Brexit totally dominates the UK political landscape—but in Europe the 27 are preoccupied with talks on something else entirelyby Jill Rutter / February 23, 2018 / Leave a comment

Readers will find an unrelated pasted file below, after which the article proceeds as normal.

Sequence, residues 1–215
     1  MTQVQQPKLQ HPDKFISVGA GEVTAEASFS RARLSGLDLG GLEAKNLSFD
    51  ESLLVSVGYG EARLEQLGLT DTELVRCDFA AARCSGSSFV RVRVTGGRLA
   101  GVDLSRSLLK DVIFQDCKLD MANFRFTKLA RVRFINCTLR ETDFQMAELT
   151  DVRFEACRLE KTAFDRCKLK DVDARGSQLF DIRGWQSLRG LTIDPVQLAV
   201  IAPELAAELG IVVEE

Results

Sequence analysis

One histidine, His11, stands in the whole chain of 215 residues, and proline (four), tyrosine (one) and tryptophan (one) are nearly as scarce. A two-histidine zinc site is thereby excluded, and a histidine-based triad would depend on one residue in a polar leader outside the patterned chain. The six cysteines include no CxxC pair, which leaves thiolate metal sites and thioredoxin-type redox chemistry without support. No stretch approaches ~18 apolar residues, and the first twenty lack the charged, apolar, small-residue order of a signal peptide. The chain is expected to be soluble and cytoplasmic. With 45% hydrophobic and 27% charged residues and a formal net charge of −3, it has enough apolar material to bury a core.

President of France Emmanuel Macron, Chancellor of Germany Angela Merkel and Prime Minister of Italy Paolo Gentiloni in Brussels. Photo: THIERRY ROGE/Belga/PA Images While all attention in the UK is focused on whether the government and opposition can come up with a clear view of what future trade relationship the UK wants with the European Union, the other 27 member states are focussing on something much closer to their collective heart: their budget after 2021. This will be the first EU Budget since 1973 without a significant net contribution from the UK. How to cover that gap is likely to prove a divisive issue over coming months. The EU Budget is very small in relation to the EU’s overall size—or indeed national budgets—at only 1 per cent of the bloc’s GDP. Even so, making a big adjustment to a small budget is not that easy. The UK contributed around 15 per cent of total revenue: losing a sixth of your income overnight requires some painful decisions. Three camps seem to be emerging. The first is formed of those who think that the important thing is to maintain spending and increase revenue to compensate for the loss of the UK contribution. Although overall EU spending is relatively small, some countries are big beneficiaries: the Commission estimated that in 2015 EU spending accounted for 6.4 per cent of Gross National Income in Bulgaria and 5.2 per cent in Hungary. In Germany conversely it was a blink-and-you-would-miss-it 0.5 per cent. And even after reform attempts, the EU budget is still very unbalanced, with agriculture still making up 40 per cent of the EU Budget. It is impossible to cut EU spending without reducing farm subsidies. The German EU Budget commissioner, Guenther Oettinger has already indicated that he is under pressure to spend more on other things and that everything has to be on the table. Even the French government is signalling more flexibility—but farmers have proved adept at mobilising in the past. The opposing camp wants to see spending cut to avoid having to increase their contributions. Covering the UK’s net contribution would not mean big budget hikes—Germany would have to pay around €2bn euros a year more (and seems to be ready to countenance that—after all one of the issues in Germany is what to do with its budget surplus). But other countries are much less keen. The Financial Times reported the emergence of the “frugal four,” led by the Netherlands, keen both to keep the lid on EU spending and their contributions and not to give any more succour to domestic Eurosceptics. This group could normally have counted on UK support—but the future budget is now an issue for the 27 not the 28. Finally, the Commission itself is proposing a third way to generate what it calls “fresh money”—increasing the resources it gets as of right without making member states contribute directly. Ideas it has put forward include a share of revenues generated from emissions trading or a share of the “relaunched common consolidated corporate tax base.” It is easy to predict what the UK’s reaction would have been, but this may have a more sympathetic hearing from the 27. There are other issues at stake. Not just what to fund, but a debate on “conditionality” which pits some of the original member states against the new arrivals. Should funding be conditional on, for example, accepting refugees in line with agreed policy? Should it be suspended to member states who fail to respect EU values? These are much more fundamental questions than whether the budget is 1.03 per cent or 1.1 per cent of EU GDP. The debate on the EU budget after Brexit is just starting—and it’s a debate without us in the room. But that doesn’t mean it’s irrelevant—it will be an important factor in how our own negotiations play out.